LAFARGE has for the second time revised upwards its revenue forecast for the full year to December 2012 after the group recorded an eight hundred-fold increase in profits for the six months to June 30 2012.
Report by Staff Writer
The cement production group is now forecasting its year-end revenue to reach US$70 million, nearly US$10 million more than the US$62 million projection it made at the annual general meeting in May this year.
Group MD Johnathan Shoniwa told analysts on Wednesday that the performance was driven by escalating demand for its products. He said in the six months to June, industry-wide demand for cement grew 190,9% to 429 000 tonnes, with Lafarge’s volumes up 44% to 174 000 tonnes.
Shoniwa said Lafarge’s market share had increased significantly as the group had upped its production and improved its sales and marketing efforts.
Revenue in the six month period grew 57% to US$34,4 million while earnings before interest, taxation, depreciation and armotisation (EBITDA) increased to US$6,3 million from US$1,9 million. Lafarge reported an operating profit of US$3,8 million in the half year, from a loss of US$400 000 in the comparative period last year.
The group reported a bottom-line of US$2,7 million, reversing a loss of US$368 000, and resulting in earnings per share of US3,5 cents.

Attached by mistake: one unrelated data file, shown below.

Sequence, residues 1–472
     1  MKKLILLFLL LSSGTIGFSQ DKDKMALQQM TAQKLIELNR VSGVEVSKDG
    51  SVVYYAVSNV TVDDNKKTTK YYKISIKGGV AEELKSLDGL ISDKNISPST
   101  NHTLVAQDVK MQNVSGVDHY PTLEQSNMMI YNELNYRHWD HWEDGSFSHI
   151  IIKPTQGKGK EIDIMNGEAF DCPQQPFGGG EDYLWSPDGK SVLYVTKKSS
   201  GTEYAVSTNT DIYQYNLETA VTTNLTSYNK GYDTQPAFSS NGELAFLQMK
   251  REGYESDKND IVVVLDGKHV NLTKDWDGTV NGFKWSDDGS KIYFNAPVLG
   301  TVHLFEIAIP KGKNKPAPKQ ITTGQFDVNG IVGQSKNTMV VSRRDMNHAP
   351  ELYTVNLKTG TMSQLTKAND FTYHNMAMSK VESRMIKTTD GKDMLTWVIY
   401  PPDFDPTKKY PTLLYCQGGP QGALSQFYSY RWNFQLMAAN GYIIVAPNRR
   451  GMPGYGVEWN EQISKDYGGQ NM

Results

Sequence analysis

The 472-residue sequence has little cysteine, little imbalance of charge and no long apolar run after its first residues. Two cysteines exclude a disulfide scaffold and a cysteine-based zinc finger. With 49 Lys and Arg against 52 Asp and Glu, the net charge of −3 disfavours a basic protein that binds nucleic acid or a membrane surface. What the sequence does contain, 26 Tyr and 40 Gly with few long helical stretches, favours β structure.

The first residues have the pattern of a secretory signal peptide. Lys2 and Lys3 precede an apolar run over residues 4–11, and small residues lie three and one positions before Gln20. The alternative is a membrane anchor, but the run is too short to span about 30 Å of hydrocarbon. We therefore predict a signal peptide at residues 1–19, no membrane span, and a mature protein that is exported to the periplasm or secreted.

Shoniwa said that by product line, cement brought in the bulk of revenue at 89% (US$30,7 million); clinker 6% at US$2 million while aggregates accounted for the balance at US$1,7 million.
He noted that margins were low, a development that was largely consistent with the state of the economy. Gross profit was at 29%, operating profit margin at 10 EBIT at 17%, and profit after tax at 7%.
The margin performance also took into account the cost of the group’s rightsizing at a cost of US$1,7 million.
Total capital expenditure was US$1,6 million from US$5,3 million last year but the group still had a budget of US$4 million yet to be spent. Capacity utilisation was around 80%.
Going forward, the group said it would look at diversifying revenue streams and investing in plant.
Lafarge’s Manresa plant is on the eastern boundary of Harare, giving it the advantage of being the closest cement producer to the economic hub of the country. Harare accounts for 80% of the country’s cement intake.
The plant, with a capacity of 450 000 tonnes, makes up a third of Zimbabwe’s installed cement volumes. From lows in 2008, the recovery in the cement market has been swift but demand at 429 000 tonnes remains well below the highs of 1,1 million tonnes achieved in 1999. Shoniwa said total market capacity was at 1,5 million tonnes.